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This is an open access article under the terms of the Creative Commons AttributionNonCommercial License, which permits use, distribution and reproduction in any
medium, provided the original work is properly cited and is not used for commercial purposes.
© 2019 The Authors Public Administration and Development Published by John Wiley & Sons Ltd
Received: 29 November 2017 Revised: 28 November 2018 Accepted: 4 March 2019
DOI: 10.1002/pad.1851
Public Admin Dev. 2019;39:215230.
simplified characterization. However, in the literature on the architec-
ture of development assistance, the rhetorical power of the idea of a
homogenous south remains popular across scholars (De Renzio & Sei-
fert, 2014: 1863, 1864; Eyben & Savage, 2013; Mawdsley, 2017;
Semrau & Thiele, 2017) and practitioners (e.g., Conference of South-
ern Providers 2013; G77, 2011, 2012, 2013, 2014, 1015; UNDCF,
2013; UNDP 2009, 2013; UNOSSC, 2016: 14; 2017).
In this context, the present article aims to contribute to ongoing
debates on the changing landscapes of development assistance by
focusing on the donors from the south. Within this context, BRICS
countries are generally recognized as leaders of the southern model
(De Renzio & Seifert, 2014; Manning, 2006; Waltz & Ramachandran,
2011; Zimmermann & Smith, 2011). For this reason, the present paper
investigates Brazil, Russia, India, China, and South Africa in parallel to
other countries that are clustered under the key heading of South
South cooperation (SSC). Several contributions have already stressed
the difference between DAC and BRICS (among others, see Dreher,
Fuchs, & Nunnenkamp, 2013; Gray & Gills, 2016; Li & Carey, 2014;
Xing & Augustin, 2016; Shaw, 2016).
Similarly, the literature about
how BRICS countries differ from one another is vibrant (e.g., Bond &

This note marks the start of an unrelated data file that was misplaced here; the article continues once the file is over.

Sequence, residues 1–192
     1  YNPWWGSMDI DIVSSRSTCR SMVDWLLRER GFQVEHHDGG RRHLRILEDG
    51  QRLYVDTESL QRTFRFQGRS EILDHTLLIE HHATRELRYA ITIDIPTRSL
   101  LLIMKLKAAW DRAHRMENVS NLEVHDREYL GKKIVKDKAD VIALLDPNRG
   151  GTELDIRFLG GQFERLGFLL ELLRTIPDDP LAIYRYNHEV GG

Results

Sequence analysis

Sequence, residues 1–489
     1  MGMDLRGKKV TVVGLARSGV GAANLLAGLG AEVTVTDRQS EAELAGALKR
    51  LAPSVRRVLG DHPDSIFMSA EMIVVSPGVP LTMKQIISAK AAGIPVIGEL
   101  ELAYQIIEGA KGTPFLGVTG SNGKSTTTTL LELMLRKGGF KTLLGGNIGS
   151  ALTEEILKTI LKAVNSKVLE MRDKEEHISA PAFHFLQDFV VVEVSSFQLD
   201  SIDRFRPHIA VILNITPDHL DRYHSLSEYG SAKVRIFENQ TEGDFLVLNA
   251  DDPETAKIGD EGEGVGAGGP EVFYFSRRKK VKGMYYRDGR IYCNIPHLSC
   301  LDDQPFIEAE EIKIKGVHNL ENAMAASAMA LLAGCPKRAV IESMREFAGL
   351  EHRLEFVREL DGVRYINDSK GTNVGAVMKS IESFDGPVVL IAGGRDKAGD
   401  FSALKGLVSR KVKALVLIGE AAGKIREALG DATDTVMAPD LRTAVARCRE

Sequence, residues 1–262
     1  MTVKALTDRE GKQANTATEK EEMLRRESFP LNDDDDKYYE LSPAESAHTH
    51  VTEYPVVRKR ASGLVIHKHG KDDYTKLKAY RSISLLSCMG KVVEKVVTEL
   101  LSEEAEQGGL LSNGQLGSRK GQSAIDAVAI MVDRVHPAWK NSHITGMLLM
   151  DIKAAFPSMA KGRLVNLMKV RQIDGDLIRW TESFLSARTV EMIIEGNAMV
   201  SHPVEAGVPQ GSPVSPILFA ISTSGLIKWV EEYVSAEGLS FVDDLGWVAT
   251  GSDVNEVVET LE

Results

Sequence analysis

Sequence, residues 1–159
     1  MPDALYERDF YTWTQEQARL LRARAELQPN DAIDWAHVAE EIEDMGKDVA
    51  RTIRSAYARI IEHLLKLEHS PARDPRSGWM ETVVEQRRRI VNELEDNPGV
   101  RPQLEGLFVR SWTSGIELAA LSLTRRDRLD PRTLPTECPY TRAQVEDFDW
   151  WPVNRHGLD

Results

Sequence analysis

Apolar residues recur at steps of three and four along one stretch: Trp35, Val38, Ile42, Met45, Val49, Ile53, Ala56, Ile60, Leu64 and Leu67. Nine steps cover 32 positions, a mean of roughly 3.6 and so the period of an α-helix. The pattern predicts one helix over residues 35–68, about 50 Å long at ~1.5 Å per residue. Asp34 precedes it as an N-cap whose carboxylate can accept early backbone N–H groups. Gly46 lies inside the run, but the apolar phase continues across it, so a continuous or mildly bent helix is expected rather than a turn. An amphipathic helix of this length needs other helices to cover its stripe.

Garcia, 2015; Gu, Chen, & Haibin, 2016; Xiaoyun & Carey, 2016).
Together with other countries from the south and the north, Brazil,
Russia, India, China, and South Africa have been also objected of dif-
ferent kinds of comparative analysis (e.g., Thakur, 2014; White,
2013). Yet comparative assessments between BRICS countries and
other developing countries have often clustered around their practices
in specific geographical areas or policy agendas. This paper aims to
contribute to such a discussion by offering a comprehensive analysis
of BRICS's development assistance visàvis other donors usually
grouped under the southern modellabel. In so doing, we shall pro-
ceed as follows. First, we provide an overview of how donor analyses
have evolved in their discussion of the NorthSouth divide. Second,
we clarify our methodology. Third, we assess countries in the sample
through the lenses of drivers, tools, and modality of development
assistance. Finally, we demonstrate that the southern model fails to
provide a fully descriptive picture of the changing landscape of devel-
opment assistance.
This section aims to account for the variety of articulation and
rearticulation of the NorthSouth divide over the past 20 years. For
a long time, the NorthSouth narrative pictured a world of two
groups, where resources and knowledge flowed in one direction: from
the north (the donor) to the south (the recipient). This imaginary divide
omitted the counterflows of people, resources, and ideas from the
developing to the developed countries and between developing coun-
tries (Silvey & Rankin, 2011).
A process leading to some differentiation within the group of
developing countries started to take place when the sharp division
between rich and poor countries began to blunt. The last two decades